The mystery we celebrate today is also an invitation not to flee from the real, not to avoid dealing with who we are but, on the contrary, to find in one’s reality, personal and communal, as it is, the signs of God’s presence, the place to meet Him. We need to recover a positive and serene view on the Church and the world, still inhabited by His presence. Evil, pain, injustices, and our loneliness cannot be the only voice that challenges us. Even today, if we want to listen to Him, God invites us to welcome His Word sown in each of us and that wants to bear fruit, “a hundred, sixty, thirtyfold” (Matt. 13:8). In this world, this society, this Church, we are invited to pronounce our “yes” to God who calls us for His salvation project. A “yes” that translates then into concrete and positive action for good and justice, a “yes” that prevails over all fear and worry because “nothing is impossible to God” (Lk 1:37).
The Gospel account that we have heard speaks to us of so many witnesses surrounding the Annunciation event: it speaks of the spouse of Mary, Joseph, whose solemnity we celebrated a few days ago; it speaks of Elizabeth, who, despite being elderly, is pregnant, waiting for the Baptist; of course, there is the Archangel Gabriel, and above all the Holy Spirit. This plan of salvation is not an intimate action reserved for the Virgin but sets others in motion, creates a community of persons united by the “yes” of Mary to the movement of the Spirit of God. Behind that “yes”, in short, are protagonists of salvation history, witnesses of past and present who, moved and guided by the Spirit, became collaborators in the realization of the Divine plan.
We can say that the ultimate meaning of the Annunciation is Pentecost: Mary is filled with the Spirit to beget Christ so that He, through Easter and the gift of the Holy Spirit, can be generated in all believers.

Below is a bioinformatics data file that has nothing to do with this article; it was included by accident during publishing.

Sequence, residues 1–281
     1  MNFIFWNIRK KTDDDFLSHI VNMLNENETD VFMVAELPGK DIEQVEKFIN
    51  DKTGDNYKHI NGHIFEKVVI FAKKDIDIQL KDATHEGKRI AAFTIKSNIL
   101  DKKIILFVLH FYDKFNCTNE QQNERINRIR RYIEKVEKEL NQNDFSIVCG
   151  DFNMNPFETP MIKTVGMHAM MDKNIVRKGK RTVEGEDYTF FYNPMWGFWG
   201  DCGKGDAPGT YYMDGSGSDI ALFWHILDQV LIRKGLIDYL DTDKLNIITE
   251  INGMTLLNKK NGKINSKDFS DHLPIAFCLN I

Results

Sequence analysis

The Spirit gives us a new way of looking, the ability to grasp God’s work within the various passages of history. It enables us to recognize Christ also in the life of others. And we always need this because, if it is true that everyone must find within themselves the security of their relationship with God, it is also true that there is a confirmation that can only come from outside, in the relationship with the other.
Today more than ever, we need witnesses that help us to stand with hope and trust in the face of the facts of life, who collaborate to make our “yes” to God determined and confident. We need the Church, that is, believers who are united precisely by that “yes”, a community with a free and serene look at the life of the world, without fear and desirous to construct and promote the good and justice.
And I am thinking now about our Land and our Church: how we need this gaze! How we need trust in the Holy Spirit, who gives our Church the capacity and determination to fulfill His Word here, among us, that we also say with the Virgin Mary: “let it be done to me according to Your word” (Lk 1:38). All too often, we shut ourselves within our problems, which become our only horizon. We are absorbed in the small chores of life, things to do, or even big plans that we forget the essential: existence only makes sense if it opens up to love and the world, all of us, need to make it an authentic experience, need the embrace of God’s forgiveness, His irruption in the life of the world. Reminding ourselves and others of this, putting it into practice, is the Church’s vocation and mission today.
The answer to the question we initially posed about how to interpret this time is, therefore, in the words of the Virgin Mary: listen to and fulfill the Word of God. There is no need for new formulas, to look no further, because “this word is very close to you, it is in your mouth and your heart, that you may put it into practice” (Deut. 30:14).
May the Virgin of Nazareth accompany and sustain our Church and make it fruitful again and joyful for the good of all! May she help our ecclesial community be a light placed on a lampstand (cf. Mt 5:14) to show everyone how to encounter God, in the pain and fatigue of each day’s life, encounter which gives meaning and due weight to everything.